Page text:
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What is Social Security's Ticket to Work program?

Ticket to Work is a Social Security-led employment program designed to reduce or end the reliance on benefit payments for people with disabilities.

Ticket to Work offers training, career counseling, job referrals and other services to help people with disabilities enter or return to the workforce and become more financially independent. It is open to most people ages 18 to 64 who are receiving Social Security Disability Insurance (SSDI) or Supplemental Security Income (SSI).

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Participation is voluntary and free. In conjunction with other Social Security work incentives, you can continue receiving disability benefits and the health care coverage that comes with them (Medicare for SSDI recipients, Medicaid for those on SSI) while transitioning into stable employment.

Public and private workforce-development organizations that partner with the Social Security Administration (SSA) provide Ticket to Work services and supports. The program has two main types of providers:

  • Employment Networks (EN): Employers, nonprofit organizations, government agencies or combinations of these that deliver or coordinate services for Ticket to Work participants, including training, career advice, job placement and workplace support.
  • Vocational Rehabilitation agencies (VR): State-level agencies that provide education, skills training, workplace accommodation and other aid for people who need more significant services to make it possible for them to work. Beneficiaries who complete a VR program may shift to an EN to get continued support.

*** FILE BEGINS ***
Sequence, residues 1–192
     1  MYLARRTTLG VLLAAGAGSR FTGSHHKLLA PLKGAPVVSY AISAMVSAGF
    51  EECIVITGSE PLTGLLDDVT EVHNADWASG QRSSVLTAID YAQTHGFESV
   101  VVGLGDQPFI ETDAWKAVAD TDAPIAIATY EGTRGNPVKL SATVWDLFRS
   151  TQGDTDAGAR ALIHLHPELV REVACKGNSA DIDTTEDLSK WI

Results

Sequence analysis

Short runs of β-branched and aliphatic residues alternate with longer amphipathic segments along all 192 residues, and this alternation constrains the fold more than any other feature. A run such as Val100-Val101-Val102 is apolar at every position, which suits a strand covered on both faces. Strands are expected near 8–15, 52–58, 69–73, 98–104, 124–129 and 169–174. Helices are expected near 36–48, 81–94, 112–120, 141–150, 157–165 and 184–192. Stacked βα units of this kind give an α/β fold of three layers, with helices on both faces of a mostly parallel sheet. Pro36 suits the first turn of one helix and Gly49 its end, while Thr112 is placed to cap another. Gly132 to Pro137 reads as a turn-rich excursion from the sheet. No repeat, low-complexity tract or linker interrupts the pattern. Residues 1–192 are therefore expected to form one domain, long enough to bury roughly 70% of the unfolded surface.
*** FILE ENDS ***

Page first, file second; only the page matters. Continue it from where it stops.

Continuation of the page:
More than 392,000 beneficiaries participated in Ticket to Work in 2023, and about 1.7 million people have been through the program since its launch in 2002, according to the SSA.

Getting started

If you are interested in Ticket to Work, call 866-968-7842, Social Security's toll-free beneficiary help line for the program. An agent can provide information on how it works, answer questions and send you a list of available service providers. You also can use the program's online Find Help tool to locate and contact ENs and VRs in your area.

Once you've selected a provider — or, as Social Security puts it, assigned them your “ticket” — you work with them to identify employment goals and develop a plan to reach them. Social Security used to send out actual paper tickets to participants, but the term is now symbolic, representing SSA's agreement to pay your EN or VR for its services.

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The ticket entitles you to a wide range of assistance in preparing for, finding and keeping a job. It also obligates you to take specific steps within a time frame that Social Security sets to complete the education, training or work goals set out in your plan.

As long as you are in Ticket to Work and making progress toward your goals, you will not be subject to a medical continuing disability review, the periodic check the SSA does to determine if you still meet its medical criteria to be considered disabled.